10. Inability to get the message across: Again, you have got 5 seconds to make an impression on us… THE PROBLEM: … and if you don’t, we will file you. THE SOLUTION: use bullet points, talk about your achievements (“I created double-digit revenue growth for three consecutive years and built from scratch one of the top ten teams company-wide”). Be precise, clear and avoid jargon (a twenty-two year old intern could be the gate-keeper…). Your resume should be on two, maximum three pages. Make sure you put all essential information on top of page one, the part we see when we open your resume without scrolling down, for instance, by adding an executive summary such as “General Manager/ trilingual/ managed up to 100 million USD and 250 people/ service industry” on top. Because we might never scroll down if what we see does not click with us
  11. Bad structure: THE PROBLEM: We are used to reading many, many, resumes. And if yours is too different, we might not understand it – and pass on. THE SOLUTION: Use the following structure: contact data, executive summary, education, last job then downwards. Clearly indicate year and month of the respective job If the month is missing and you write for instance “2011: job A, 2012: job B”, we will automatically assume that you lost job A in January 2011 and found job B only in November 2012 – because if you had nothing to hide, you would have put the months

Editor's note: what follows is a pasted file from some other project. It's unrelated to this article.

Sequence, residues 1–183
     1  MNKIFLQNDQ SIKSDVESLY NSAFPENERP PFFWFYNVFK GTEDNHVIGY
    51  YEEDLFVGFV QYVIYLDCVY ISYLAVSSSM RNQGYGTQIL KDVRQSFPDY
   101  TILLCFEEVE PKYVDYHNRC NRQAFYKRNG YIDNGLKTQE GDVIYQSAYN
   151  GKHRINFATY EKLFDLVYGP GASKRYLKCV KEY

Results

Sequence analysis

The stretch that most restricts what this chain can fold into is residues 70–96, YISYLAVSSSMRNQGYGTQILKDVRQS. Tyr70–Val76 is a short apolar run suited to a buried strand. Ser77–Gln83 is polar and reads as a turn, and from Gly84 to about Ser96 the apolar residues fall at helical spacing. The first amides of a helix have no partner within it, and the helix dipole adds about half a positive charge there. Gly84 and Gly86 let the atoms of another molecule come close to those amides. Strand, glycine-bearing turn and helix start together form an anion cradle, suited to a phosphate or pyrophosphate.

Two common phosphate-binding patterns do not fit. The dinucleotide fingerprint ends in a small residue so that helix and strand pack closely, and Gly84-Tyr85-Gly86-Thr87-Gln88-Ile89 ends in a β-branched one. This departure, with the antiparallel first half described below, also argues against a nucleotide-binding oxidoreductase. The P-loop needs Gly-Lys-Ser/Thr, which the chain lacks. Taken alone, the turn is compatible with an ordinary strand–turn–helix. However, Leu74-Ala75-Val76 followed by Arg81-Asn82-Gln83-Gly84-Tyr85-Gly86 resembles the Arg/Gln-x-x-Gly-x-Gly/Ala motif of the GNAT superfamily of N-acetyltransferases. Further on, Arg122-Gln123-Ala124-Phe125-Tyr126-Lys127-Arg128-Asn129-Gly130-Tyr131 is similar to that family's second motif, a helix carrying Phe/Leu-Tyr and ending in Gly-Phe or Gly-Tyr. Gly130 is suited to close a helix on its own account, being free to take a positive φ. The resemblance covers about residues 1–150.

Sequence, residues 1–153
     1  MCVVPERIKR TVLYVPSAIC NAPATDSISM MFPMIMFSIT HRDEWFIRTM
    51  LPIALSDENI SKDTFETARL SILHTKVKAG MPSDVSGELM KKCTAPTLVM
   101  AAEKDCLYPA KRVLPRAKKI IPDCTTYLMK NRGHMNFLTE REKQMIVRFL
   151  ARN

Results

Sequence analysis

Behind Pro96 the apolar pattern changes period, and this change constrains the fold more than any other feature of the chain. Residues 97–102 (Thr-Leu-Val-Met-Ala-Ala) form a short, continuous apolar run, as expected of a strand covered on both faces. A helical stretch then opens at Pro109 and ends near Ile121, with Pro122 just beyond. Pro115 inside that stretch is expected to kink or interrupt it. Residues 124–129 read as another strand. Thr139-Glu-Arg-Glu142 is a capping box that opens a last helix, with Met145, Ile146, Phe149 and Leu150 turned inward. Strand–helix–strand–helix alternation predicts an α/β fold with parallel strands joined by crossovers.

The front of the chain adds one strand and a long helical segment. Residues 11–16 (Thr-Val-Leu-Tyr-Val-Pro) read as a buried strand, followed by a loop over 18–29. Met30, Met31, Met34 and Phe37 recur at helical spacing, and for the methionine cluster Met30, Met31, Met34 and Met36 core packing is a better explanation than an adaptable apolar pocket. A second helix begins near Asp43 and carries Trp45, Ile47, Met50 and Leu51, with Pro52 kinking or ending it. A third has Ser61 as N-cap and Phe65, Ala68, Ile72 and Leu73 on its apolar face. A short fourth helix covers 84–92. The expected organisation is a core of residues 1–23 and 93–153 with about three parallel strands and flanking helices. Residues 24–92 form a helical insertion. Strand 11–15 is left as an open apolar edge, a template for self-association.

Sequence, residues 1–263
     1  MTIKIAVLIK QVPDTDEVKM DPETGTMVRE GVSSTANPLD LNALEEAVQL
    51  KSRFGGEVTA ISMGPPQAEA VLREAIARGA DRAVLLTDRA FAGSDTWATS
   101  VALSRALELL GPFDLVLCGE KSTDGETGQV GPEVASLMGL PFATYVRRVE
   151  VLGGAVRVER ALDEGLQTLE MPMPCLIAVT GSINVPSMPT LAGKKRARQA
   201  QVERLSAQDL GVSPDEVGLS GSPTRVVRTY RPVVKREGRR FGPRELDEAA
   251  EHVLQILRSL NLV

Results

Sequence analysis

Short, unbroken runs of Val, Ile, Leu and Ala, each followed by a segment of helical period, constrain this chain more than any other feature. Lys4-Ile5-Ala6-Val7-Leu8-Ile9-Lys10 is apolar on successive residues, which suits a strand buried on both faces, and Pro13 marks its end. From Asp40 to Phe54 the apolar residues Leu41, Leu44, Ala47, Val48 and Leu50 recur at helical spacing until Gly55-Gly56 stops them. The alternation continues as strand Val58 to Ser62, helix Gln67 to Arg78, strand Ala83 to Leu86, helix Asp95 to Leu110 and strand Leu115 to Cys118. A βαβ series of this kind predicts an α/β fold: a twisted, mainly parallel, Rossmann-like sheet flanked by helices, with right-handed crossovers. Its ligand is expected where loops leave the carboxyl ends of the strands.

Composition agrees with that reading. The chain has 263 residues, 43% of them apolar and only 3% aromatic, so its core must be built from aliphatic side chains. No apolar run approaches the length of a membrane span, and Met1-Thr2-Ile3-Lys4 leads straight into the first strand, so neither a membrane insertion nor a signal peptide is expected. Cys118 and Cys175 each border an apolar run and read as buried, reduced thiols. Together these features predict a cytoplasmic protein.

12. Banalities: THE PROBLEM: we have read “accomplished leader”, “results-driven”, “excellent communication skills” etc. one thousand times before and won’t believe a word. THE SOLUTION: Don’t talk but show: Prove “accomplished” by demonstrating your seniority, “results-driven” through stating hard facts, “excellent communication skills” through plain and clear speech